6 Tips for Discussing Overactive Bladder With Your Partner
Allison Bush | Oct 3rd 2012 Jun 1st 2017
Managing symptoms of overactive bladder is difficult enough, but it can be particularly daunting to talk to a partner about how OAB affects your love life. Here are six tips for picking the best time–and the best way–to start the discussion.
Pick the Right Moment
Even in a well-established relationship, it can be hard to find a way to discuss overactive bladder. But experts say you should bring the subject up with your partner when you’re far away from the bedroom door. Waiting until intimacy is imminent puts pressure on both of you. Instead, find a time when you’re both relaxed and feeling positive before you broach the topic.
Do it Face-to-Face
It can be tempting to talk about difficult subjects over the phone, or via email, but there is much more scope for misunderstanding there as well. It’s easy to misinterpret silence as awkwardness, or confusion as disapproval, and being face-to-face is the best way to avoid those problems.
Practice Makes Perfect
It’s possible to spend years dealing with OAB in silence, and that can mean that it’s tough to talk about symptoms out loud. If you’re going to have a discussion with a sexual partner and you’re nervous about it, try talking about it out loud, even if just to yourself. You’d be surprised how helpful it can be to get used to talking about your symptoms.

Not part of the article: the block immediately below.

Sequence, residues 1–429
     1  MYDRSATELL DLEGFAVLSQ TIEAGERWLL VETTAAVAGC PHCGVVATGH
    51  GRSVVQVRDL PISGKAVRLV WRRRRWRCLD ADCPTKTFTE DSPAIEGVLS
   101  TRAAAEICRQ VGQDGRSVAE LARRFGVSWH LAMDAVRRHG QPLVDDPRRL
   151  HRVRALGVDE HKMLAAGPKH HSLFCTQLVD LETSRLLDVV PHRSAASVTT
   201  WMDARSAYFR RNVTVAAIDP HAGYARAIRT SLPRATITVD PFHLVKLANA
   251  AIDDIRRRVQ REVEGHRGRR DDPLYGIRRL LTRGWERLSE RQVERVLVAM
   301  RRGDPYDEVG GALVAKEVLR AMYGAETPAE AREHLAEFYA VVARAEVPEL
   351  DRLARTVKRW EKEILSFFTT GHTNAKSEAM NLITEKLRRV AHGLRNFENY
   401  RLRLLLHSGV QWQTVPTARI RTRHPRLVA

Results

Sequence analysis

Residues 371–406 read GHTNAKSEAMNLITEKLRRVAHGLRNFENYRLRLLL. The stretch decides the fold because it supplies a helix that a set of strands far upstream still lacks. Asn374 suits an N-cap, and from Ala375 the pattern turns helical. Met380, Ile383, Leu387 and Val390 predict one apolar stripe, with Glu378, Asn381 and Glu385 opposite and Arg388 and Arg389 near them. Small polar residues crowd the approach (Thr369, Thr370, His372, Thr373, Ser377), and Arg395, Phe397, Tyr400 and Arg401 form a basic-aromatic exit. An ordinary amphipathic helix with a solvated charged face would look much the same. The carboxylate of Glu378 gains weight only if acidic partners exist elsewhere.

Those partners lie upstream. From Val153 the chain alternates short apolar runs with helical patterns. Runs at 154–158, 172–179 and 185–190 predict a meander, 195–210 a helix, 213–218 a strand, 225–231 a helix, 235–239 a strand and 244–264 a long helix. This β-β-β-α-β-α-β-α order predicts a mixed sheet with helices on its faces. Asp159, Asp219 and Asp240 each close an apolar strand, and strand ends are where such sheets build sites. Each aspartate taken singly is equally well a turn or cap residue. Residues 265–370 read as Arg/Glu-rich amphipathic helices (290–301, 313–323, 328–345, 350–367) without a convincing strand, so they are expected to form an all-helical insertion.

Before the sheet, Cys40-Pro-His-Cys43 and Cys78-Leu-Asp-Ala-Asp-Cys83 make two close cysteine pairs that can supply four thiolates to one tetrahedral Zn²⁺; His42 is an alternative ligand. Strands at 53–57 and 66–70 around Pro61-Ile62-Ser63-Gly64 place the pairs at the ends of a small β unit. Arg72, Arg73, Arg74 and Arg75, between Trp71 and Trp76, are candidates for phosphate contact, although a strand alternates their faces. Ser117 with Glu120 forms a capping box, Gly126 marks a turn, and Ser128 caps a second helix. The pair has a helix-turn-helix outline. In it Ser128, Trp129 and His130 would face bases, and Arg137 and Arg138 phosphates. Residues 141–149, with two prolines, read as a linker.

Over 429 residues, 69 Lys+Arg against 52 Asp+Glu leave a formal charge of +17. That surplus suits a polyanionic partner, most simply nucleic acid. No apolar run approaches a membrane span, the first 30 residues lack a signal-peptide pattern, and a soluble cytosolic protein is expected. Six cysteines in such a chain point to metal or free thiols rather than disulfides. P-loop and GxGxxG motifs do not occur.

Have a Support System
Overactive bladder may seem like a health condition that is often kept quiet, but in reality it’s a very common problem. Finding a support system–online or in-person–can help you discover how others have addressed their symptoms with partners and other loved ones.
Know What Helps
Some sexual positions and activities place more pressure on the bladder than others, so knowing more about what brings on your own symptoms can help you have an easier time being intimate.
Remember, Your Attitude Matters
Having a sense of humor and a feeling of confidence shows up in the ways you interact with your partner. While it’s true that OAB can cause leaking and other issues during sex, it’s also true that intimacy encompasses much more than what goes on behind the bedroom door.